If your youngster's recently learned about the Grecians or the Romans and can't wait for a little bit of imaginative play reenactment, you can surprise him with a brand new costume that will make him feel fit to ponder with Aristotle and Hippocrates and other great ancient minds. The best part is you don't have to break the bank for the costume and you can show off what a recycling savvy mama you are at the same time.
Start with an old, white pillowcase for the project and lay it flat with the closed, short end in front of you. This will become the top of the toga costume.
Draw a wide neckline across the center of the end in front of you. If you need a little guidance for the neckline, lay a large plate half-on the pillowcase and trace along the half moon shape. Simple, right?
Cut out the neckline and try it on your youngster to make sure it's wide enough. While you have the costume on your kiddo, make a mark where the costume touches about mid-calf. Now he can go back to playing while you continue on with your hard work.
Cut along the bottom of the costume along the mid-calf mark. Now you don't have to worry about trips and falls during his imaginative play. You can turn up the bottom and make a finished hem if you like, but he'll probably be just as happy with a ragged edge and you can save those extra few minutes to sneak in a cup of tea.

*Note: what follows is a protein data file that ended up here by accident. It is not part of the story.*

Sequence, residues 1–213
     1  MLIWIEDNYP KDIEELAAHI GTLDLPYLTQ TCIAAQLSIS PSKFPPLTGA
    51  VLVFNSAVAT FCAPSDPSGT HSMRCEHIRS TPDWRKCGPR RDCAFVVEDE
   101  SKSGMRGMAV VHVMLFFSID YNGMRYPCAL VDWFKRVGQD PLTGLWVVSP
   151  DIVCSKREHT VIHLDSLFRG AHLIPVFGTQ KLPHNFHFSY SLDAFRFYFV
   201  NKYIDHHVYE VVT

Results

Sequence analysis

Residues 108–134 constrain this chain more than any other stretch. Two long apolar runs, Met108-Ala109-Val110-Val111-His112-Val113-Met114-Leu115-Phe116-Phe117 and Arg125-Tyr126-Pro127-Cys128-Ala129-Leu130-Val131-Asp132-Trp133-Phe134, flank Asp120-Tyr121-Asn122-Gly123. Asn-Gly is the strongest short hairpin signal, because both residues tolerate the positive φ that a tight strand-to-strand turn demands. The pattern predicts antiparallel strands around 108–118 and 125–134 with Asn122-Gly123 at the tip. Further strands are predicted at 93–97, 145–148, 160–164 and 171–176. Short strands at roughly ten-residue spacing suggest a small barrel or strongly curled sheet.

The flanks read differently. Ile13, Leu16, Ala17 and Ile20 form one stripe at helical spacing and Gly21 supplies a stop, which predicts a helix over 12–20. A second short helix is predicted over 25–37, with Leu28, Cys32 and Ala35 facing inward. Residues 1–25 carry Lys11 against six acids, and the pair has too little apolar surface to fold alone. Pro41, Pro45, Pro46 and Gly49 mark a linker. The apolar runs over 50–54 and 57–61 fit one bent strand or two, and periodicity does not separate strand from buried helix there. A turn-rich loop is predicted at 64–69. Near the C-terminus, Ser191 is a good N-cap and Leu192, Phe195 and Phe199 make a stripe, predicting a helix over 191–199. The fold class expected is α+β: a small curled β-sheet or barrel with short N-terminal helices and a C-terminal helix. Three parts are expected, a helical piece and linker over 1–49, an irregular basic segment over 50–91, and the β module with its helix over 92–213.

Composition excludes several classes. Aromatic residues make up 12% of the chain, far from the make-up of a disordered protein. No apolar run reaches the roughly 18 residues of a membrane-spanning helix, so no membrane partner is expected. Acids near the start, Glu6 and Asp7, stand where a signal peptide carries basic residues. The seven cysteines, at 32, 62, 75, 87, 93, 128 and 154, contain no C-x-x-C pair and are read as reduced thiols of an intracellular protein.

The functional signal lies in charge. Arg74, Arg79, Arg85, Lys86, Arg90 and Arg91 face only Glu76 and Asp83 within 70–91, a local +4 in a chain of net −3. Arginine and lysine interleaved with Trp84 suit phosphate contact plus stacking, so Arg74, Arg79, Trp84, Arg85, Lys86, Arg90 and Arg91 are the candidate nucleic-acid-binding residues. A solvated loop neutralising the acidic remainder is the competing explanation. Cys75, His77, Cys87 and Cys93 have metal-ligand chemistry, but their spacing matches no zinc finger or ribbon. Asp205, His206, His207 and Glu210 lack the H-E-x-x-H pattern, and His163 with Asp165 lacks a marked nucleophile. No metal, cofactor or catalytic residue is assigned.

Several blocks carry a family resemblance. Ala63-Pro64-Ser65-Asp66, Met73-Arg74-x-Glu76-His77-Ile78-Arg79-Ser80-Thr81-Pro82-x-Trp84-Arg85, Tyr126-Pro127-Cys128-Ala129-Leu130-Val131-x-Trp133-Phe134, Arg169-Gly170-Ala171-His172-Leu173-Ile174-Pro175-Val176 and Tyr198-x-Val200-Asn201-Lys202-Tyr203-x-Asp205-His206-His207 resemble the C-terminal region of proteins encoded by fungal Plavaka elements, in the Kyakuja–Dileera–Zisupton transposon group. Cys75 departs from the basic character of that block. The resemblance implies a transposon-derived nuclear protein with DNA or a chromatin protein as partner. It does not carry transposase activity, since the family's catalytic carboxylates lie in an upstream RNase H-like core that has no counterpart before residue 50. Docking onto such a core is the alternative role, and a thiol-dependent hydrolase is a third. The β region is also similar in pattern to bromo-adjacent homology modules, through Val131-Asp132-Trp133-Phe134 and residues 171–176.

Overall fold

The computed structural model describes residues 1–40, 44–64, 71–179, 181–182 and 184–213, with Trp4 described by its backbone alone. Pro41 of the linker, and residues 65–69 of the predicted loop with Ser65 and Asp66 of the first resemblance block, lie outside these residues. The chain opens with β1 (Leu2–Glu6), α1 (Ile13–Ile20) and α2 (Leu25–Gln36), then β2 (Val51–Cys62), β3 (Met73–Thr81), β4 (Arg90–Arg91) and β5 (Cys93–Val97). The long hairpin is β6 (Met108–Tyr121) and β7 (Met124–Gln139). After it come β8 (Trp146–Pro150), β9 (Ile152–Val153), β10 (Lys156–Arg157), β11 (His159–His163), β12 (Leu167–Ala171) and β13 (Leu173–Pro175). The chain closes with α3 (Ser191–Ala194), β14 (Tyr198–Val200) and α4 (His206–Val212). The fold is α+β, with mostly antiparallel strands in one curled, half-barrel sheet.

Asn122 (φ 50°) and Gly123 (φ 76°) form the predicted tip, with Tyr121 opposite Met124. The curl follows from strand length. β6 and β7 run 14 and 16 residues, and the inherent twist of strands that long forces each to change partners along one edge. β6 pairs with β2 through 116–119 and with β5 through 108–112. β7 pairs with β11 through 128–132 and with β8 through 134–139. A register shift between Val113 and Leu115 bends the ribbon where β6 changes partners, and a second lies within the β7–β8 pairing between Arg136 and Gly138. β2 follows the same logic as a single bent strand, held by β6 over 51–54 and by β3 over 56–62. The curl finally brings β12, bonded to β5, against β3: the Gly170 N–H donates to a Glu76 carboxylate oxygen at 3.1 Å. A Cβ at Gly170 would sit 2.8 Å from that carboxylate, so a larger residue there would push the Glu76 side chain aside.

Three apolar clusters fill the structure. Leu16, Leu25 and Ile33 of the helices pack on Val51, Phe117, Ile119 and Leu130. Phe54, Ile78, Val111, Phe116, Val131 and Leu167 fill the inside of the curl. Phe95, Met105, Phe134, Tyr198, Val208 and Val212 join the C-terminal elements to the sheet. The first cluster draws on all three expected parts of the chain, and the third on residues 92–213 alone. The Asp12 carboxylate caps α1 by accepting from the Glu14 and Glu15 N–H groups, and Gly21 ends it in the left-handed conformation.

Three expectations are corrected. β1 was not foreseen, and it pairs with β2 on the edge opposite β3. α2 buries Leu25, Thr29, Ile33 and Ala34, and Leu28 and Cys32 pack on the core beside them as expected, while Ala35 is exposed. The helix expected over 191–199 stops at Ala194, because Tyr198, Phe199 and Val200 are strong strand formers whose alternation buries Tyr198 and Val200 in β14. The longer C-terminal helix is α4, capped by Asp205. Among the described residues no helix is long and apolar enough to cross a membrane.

Make two slits for the armholes, each about 1/2-inch below the top of the costume. Make each slit about 4 inches long.
Cut a strip from the cut section of pillowcase and use it as a tie to cinch the waist of the costume.
Pull out an old white sheet from the rag bin and cut a long strip, about 18 inches wide by 72 inches long.
Fold the strip in half lengthwise and pin the fold the pillowcase. Pin it at the back waist of the costume, near the left side. Wrap one end up and around the right shoulder and pin it in place. Leave the remaining end free to dangle. He can hold this end in his hand as he struts around in Grecian or Roman glory.
Sew the pinned sections to the pillowcase to complete the toga. That's it! Now it's time to reward yourself with that cup of tea before anyone notices you're done.
- Nifty, Thrifty, No-Sew Costumes and Props for Children; Carol Ann Bloom
- If you're worried that the dangling end of the toga may become a trip hazard, bring it up around the front of the pillowcase loosely and pin it to the top right corner. Sew a few stitches to keep it in place and get back to those few minutes of quiet enjoyment.
Rosenya Faith has been working with children since the age of 16 as a swimming instructor and dance instructor. For more than 14 years she has worked as a recreation and skill development leader, an early childhood educator and a teaching assistant, working in elementary schools and with special needs children between 4 and 11 years of age.
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